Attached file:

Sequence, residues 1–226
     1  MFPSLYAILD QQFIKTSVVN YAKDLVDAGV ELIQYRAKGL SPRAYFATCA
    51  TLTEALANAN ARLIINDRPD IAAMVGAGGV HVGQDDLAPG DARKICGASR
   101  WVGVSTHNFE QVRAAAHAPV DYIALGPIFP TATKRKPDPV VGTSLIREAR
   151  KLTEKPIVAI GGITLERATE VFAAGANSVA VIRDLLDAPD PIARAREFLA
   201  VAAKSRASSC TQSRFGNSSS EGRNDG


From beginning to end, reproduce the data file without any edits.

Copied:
Sequence, residues 1–226
     1  MFPSLYAILD QQFIKTSVVN YAKDLVDAGV ELIQYRAKGL SPRAYFATCA
    51  TLTEALANAN ARLIINDRPD IAAMVGAGGV HVGQDDLAPG DARKICGASR
   101  WVGVSTHNFE QVRAAAHAPV DYIALGPIFP TATKRKPDPV VGTSLIREAR
   151  KLTEKPIVAI GGITLERATE VFAAGANSVA VIRDLLDAPD PIARAREFLA
   201  VAAKSRASSC TQSRFGNSSS EGRNDG